(I’m a graphic designer but I take on some freelance jobs outside of my regular job. A client contacts me, looking for a brochure design for his upcoming art show at a small gallery. His work is very cool and I decide to take on the job. After receiving multiple e-mails from him freaking out about how “It just doesn’t FEEL like my art. It needs to FEEL better!” I decide to meet with him to go over it in person.)

Me: “So, what aren’t you liking about the current design? We’ve discussed all the changes and up until this point you seemed ok with it.”

Client: *touching the print out* “The FEEL is all wrong! Wrong, wrong, wrong!”

Me: “Okay, can you explain a bit more? What about the feel isn’t right?”

Client: “You know! The FEEL!” *start rubbing the piece of paper on his face and flinging it all around in the air*

Me: “Do you mean the paper? This isn’t the final paper stock we’re printing on, just regular printer paper.”

Client: “Oh, okay. Good because this s*** is NASTY!” *throws all the papers on the ground and points at my computer screen* “But also, this colour here is just so WRONG!”

Me: *collecting papers* “All right, we can change that. What colour were you thinking?”

Client: “A bright blue! Oh, wait… maybe a dark and moody blue.”

Me: *makes changes on screen* “Do you like either of these?”

Client: “Are you an idiot!? Neither of those are blue! How can you call yourself a designer if you think THAT’S blue!”

(The client is now kneeling on his chair and flailing his arms in the air while screeching at me.)

Me: “Okay! Why don’t you go through the colours here and see if there’s something you like better!”

(The client calms down and scrolls for a solid 15 minutes through the colours while practically lying across the table.)

Client: “This one! It’s PERFECT!”

Me: “Umm… all right, then.”

(We settled on a lovely Forest “Blue” and concluded the project after printing. The kicker? I went to his show the next week and found that he didn’t use my design but decided to make all new brochures by finger painting them and handing out still wet pieces of paper at the show.)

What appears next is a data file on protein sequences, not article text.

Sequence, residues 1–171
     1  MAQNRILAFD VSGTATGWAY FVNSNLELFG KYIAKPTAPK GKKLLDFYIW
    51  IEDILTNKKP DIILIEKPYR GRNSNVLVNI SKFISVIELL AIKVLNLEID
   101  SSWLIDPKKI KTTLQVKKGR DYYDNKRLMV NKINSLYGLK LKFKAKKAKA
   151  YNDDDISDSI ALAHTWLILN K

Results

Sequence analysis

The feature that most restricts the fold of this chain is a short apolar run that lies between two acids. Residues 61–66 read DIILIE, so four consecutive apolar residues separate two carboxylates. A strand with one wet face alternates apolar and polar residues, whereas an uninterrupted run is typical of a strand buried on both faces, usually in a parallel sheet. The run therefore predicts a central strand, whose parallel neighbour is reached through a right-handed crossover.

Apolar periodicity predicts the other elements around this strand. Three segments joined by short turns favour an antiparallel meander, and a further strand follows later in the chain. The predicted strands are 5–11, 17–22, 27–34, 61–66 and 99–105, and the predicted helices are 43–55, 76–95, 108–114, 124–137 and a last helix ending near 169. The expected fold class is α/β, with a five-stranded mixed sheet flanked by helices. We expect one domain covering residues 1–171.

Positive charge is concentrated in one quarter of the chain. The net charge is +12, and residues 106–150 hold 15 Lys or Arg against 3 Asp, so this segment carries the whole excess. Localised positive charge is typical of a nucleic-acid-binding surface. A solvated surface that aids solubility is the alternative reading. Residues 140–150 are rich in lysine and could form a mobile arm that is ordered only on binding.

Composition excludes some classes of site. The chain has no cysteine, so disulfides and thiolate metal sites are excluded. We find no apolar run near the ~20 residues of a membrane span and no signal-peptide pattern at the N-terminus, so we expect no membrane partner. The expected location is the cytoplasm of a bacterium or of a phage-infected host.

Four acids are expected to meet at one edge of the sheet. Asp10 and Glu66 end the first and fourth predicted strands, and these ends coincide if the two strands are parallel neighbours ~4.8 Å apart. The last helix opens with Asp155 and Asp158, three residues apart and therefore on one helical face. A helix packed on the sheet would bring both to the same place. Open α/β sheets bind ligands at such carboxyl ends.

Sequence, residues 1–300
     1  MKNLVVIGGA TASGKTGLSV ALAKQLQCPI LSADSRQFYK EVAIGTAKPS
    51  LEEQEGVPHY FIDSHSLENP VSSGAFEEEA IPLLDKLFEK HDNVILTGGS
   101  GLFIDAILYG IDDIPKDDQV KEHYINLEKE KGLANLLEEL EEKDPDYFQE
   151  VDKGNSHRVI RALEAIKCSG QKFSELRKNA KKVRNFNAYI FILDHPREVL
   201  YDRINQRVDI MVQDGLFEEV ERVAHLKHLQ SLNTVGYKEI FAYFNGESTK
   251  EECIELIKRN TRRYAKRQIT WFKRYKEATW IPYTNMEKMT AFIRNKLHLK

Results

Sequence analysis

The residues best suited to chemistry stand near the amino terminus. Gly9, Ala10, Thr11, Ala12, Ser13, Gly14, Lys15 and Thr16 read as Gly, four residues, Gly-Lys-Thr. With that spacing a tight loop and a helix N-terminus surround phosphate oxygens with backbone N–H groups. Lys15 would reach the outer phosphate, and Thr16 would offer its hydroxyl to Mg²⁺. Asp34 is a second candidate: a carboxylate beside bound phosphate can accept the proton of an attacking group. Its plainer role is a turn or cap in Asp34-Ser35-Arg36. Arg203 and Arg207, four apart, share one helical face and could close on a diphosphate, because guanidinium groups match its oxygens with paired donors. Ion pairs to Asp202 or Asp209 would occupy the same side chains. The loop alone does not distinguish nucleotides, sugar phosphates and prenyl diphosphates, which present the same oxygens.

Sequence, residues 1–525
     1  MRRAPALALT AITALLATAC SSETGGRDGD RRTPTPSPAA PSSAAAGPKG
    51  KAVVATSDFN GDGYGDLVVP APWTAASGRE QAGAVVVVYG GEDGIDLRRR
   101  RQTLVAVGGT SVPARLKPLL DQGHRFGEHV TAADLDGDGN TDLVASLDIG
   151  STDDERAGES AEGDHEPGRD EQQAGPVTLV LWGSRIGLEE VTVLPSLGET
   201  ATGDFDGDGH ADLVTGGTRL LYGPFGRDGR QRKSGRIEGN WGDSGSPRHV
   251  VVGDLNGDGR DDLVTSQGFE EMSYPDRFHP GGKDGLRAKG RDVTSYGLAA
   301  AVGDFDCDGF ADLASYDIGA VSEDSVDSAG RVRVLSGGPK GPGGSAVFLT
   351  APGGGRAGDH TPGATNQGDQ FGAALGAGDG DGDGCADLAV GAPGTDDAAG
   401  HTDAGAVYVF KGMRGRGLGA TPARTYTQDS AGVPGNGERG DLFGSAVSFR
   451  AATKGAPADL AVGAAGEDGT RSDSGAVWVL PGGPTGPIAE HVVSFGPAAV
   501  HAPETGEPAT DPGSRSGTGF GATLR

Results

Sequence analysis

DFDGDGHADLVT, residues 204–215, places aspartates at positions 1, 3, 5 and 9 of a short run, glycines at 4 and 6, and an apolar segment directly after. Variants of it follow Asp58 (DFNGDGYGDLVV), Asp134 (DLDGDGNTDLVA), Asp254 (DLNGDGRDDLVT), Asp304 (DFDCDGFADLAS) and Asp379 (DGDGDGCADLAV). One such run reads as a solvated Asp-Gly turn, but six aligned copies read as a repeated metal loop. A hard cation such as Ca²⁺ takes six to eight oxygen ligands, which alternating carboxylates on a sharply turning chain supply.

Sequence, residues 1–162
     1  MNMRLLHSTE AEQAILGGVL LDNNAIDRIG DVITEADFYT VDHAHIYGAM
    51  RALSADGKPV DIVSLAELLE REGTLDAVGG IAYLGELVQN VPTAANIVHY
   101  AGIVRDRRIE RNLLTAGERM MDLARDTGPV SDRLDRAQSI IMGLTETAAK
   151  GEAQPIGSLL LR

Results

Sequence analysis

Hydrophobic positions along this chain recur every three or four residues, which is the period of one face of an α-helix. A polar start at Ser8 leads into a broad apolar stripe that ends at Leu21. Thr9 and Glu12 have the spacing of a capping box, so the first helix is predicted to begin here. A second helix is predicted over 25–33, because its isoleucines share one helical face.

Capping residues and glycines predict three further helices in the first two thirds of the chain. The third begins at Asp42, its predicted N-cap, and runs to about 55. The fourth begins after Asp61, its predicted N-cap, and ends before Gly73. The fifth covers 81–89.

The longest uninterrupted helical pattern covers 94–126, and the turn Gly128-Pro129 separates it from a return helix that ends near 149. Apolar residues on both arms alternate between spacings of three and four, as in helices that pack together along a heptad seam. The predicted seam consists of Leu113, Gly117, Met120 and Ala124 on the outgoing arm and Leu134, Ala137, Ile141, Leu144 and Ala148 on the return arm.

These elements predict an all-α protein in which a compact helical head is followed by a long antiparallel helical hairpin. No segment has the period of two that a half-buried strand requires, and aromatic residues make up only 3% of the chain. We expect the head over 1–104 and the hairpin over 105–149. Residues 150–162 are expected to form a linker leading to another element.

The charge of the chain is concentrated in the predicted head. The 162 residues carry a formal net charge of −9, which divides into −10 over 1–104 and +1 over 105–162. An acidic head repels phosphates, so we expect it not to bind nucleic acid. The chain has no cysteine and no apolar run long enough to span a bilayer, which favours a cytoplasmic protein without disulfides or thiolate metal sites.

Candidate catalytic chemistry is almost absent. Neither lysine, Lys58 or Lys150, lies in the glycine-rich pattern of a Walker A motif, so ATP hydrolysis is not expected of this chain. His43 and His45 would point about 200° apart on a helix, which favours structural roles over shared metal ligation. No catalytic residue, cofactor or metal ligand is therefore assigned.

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They’re Insecure With Security

| London, England, UK | Bad Behavior

(I’ve just been hired on the Loss Prevention/Security team at an electronics store I regularly frequent. My manager is taking me through my first day’s training. It should be noted that LP has a different staff id badge design to the rest of the employees.)

Manager: “Now the one thing you need to remember, customers tend to behave differently around security personnel.”

Me: “As in they’re more polite? Less demanding?”

Manager: “Not exactly.”

(We’re later walking along an aisle when a customer comes up to us.)

Customer #1: “Excuse me, do you know where…” *she breaks off upon noticing our badges* “Oh, you’re security? Never mind, you can’t help me.”

(A while later my manager is explaining the in-store phone system when another customer approaches us.)

Customer #2: “Hey, can you call someone to tell me where the aisle for [Product #1] is?”

Me: “Sure, it’s just four aisles down that way and to the left.”

Customer #2: “Can you still call someone to show me? An actual store employee I mean? Not you rental security guys?”

(I look bewildered as my manager sighs and summons an employee. Another hour or so later, after I walked around the store a few times, I get stopped again by a couple.)

Customer #3: “Excuse me, we’re looking for [Product #2].”

Customer #4: “Honey, that’s a security guard. He doesn’t know the layout of this place.”

Me: “Uh… yes, I do. [Product #2] is at the end of aisle ten, just over—”

Customer #4: *ignoring me* “Come on, let’s find someone who actually works here proper.”

(They leave. From behind me, my manager stifles a giggle.)

Manager: “That’s what I was referring to about us getting a different treatment.”

(True to form, the entire time I worked there as LP customers would stop me, then walk off when they saw I wasn’t a regular store employee, adamant that apparently the folk whose entire job is to walk the store and know where everything is meant to be couldn’t possibly help them out.)